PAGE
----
Bob's Adventures in Wireless and Video Headline Animator

Sunday, January 23, 2011

I thought I saw the coolest VMS in the World

I hold in my laptop a demonstration of the most exciting Video Management innovation I have seen. Or at least that I had seen up until three days ago.

I love Google Earth. It is fun, intuitive, fast, and provides access to a mind boggling amount of knowledge in an easy to understand user interface. If only there were a way to link in real time video streaming from cameras and overlay them on the Google Earth map, that would be the coolest VMS interface on the planet, or Earth.

That is exactly what some really smart people from academia have created: a technology which is nothing short of awe inspiring. Using distributed computing, lots of video algorithms and some leading edge modeling tools they are able to dynamically overlay real time video onto two and three dimensional models.

The result is...well take a look here

The system scales to thousands of cameras and can contain meta data which can create alarms and alerts based on camera analytics that appear on the map. It allows you to not only view all of your cameras in a context that is immediately obvious, but you can map data into the map as well. So instead of seeing all of the gas stations in the area (my common use for Google Maps), you could see the status of all of your alarms, the pressure of your valves, the temperature of your motors, the status of your locks or just about anything else you could imagine. And then you can zoom down to look at your property or equipment up close.

The interface starts with 3D models. Basically you map the world in 3 dimensional axis and then can map the points on the axis to data. This data can be pixels from an image or data from a any other source. Once mapped, the 3D world can have images superimposed on them to reflect their exact field of view, azimuth, and vertical height. This is done through complex image recognition that searches the 3D world and indexes it to the images in the 2D world, then aligning the two so that they mesh perfectly.

Any camera can be superimposed on the 3D model to let you fly through the world, looking down, across or up from the point of view of the camera. City streets can be flown over showing people walking on the sidewalk, cars driving down the street, or kids playing in their yards. All you need to do is align the camera to the image, map a couple of reference points, and voila, you are done.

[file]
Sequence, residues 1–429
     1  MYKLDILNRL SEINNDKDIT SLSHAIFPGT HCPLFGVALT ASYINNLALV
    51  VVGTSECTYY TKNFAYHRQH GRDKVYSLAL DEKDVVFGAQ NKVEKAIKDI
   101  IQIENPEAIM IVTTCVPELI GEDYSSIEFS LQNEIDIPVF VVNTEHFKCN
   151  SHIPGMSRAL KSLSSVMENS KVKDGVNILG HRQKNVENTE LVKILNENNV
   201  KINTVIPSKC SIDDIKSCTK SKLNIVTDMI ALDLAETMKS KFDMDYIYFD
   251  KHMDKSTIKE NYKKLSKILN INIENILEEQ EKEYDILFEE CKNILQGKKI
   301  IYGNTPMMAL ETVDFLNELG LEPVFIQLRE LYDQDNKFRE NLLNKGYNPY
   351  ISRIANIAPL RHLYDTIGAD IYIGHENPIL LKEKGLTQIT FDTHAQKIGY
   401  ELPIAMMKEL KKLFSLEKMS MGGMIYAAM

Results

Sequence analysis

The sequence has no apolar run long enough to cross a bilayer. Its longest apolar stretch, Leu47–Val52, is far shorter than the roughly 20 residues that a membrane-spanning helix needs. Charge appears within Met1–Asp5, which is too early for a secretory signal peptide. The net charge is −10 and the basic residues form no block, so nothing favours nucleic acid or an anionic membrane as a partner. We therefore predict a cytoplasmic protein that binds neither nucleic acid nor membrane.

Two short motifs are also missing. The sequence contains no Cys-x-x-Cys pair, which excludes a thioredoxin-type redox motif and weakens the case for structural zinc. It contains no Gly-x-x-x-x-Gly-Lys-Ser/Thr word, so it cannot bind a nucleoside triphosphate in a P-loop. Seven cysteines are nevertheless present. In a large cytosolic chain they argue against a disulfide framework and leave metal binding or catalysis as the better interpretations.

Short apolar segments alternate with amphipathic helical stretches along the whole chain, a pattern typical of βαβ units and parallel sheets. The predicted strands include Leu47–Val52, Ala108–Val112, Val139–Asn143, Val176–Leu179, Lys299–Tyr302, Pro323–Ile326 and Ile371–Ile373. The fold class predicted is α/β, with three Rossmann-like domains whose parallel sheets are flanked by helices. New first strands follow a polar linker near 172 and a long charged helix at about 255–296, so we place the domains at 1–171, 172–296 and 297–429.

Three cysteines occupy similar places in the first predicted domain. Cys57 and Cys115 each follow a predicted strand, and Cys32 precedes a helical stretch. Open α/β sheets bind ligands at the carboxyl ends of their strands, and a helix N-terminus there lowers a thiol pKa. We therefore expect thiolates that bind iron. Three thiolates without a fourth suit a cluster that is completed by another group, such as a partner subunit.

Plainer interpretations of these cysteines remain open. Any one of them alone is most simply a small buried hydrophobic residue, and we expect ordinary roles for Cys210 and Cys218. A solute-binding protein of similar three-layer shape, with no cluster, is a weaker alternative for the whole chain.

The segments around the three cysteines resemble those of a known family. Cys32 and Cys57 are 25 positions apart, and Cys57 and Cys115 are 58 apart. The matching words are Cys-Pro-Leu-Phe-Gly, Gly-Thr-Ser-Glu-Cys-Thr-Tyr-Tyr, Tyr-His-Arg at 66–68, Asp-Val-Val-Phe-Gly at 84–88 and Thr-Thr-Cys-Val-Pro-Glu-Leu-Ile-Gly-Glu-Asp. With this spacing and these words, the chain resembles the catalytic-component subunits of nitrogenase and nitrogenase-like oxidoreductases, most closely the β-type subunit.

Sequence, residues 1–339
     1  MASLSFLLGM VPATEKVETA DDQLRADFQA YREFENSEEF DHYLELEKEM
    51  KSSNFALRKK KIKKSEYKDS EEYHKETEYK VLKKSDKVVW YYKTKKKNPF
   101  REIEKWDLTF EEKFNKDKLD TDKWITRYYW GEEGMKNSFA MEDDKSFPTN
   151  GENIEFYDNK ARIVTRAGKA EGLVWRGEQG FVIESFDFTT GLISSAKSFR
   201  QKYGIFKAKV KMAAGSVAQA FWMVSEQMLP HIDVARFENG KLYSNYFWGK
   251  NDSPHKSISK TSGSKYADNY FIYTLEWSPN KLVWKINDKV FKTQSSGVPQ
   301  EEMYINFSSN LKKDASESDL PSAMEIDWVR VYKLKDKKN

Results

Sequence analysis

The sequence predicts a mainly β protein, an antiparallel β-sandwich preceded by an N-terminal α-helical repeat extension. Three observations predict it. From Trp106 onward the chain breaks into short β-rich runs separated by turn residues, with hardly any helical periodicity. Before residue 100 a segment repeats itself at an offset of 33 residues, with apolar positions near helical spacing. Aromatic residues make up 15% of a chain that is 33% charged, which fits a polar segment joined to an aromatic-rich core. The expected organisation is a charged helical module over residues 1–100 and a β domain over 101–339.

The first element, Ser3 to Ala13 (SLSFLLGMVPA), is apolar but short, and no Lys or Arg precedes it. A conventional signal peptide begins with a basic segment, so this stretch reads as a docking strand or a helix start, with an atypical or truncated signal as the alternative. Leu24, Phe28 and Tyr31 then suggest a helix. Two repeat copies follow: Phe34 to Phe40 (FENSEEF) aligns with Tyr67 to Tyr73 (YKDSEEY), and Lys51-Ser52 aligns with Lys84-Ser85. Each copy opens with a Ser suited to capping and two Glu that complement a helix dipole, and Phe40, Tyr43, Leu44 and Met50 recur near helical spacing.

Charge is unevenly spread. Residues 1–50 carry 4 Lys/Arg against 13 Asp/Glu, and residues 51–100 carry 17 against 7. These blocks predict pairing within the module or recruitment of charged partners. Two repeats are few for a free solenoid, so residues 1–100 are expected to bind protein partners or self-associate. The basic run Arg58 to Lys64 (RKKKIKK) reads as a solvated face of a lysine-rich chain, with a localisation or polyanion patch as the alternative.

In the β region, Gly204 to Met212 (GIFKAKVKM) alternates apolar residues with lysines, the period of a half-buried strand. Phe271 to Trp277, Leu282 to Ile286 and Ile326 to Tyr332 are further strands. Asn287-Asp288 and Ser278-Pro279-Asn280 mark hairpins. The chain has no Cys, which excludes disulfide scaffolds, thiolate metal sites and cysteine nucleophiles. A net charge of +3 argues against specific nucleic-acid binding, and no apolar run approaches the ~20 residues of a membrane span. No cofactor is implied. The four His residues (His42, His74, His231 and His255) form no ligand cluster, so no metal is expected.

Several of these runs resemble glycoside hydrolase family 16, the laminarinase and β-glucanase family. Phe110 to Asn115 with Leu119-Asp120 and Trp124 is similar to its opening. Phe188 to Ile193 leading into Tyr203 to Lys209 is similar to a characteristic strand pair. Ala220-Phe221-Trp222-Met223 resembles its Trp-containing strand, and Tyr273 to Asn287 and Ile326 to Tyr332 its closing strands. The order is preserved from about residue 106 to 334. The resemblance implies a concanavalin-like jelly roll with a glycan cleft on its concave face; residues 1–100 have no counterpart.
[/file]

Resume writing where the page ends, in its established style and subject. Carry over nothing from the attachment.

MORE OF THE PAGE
The applications for this technology in surveillance are obvious. Central station monitoring companies could manage entire city sectors, tracking criminals from house to house, using the perspective of the cameras they have installed on their customers premise. You could rapidly search the area around an alarm to find where the suspect may be.

In public safety PSAPs and EOC could use this technology to manage traffic, disasters, events, etc.

I thought this was about the best thing ever for surveillance. But last week I saw something even more amazing. Can't talk about it, but it will revolutionize surveillance equally, if not more, than this 3D overlay technology. I only wish I could say more...Suffice to say that if we combine the 3D overlay technology with this other out Earth.

If you want more information on the 3D overlay technology, just let me know and I would be happy to talk to you about it or give a live demo.


  1. let me guess. The ability to track specific video targets... vehicles/people anything that moves and hand off from camera to camera ...coast through non covered areas etc. . Similar to radar target identification and tracking.

  2. Frank this is correct, but it goes much further than that. This technology is ideal for tracking across large geographic areas and watching targets move between cameras seamlessly, as you point out, but it goes much farther.

    The 3D Overlay technology actually maps data in 3 dimensions. The data can be video, or it can be links to access control systems, lighting control systems, traffic control, building automation, sensor networks, or just about anything else.

    So, if I get an alarm at building A and I see the intruder running across the parking lot, I could look ahead of him and close the entry gate, turn on security lights, make an announcement over the address system, or make other changes all from within the interface, where the controls appear where they are physically located. I no longer need to cross reference systems and I can remotely immerse myself in the location I am protecting.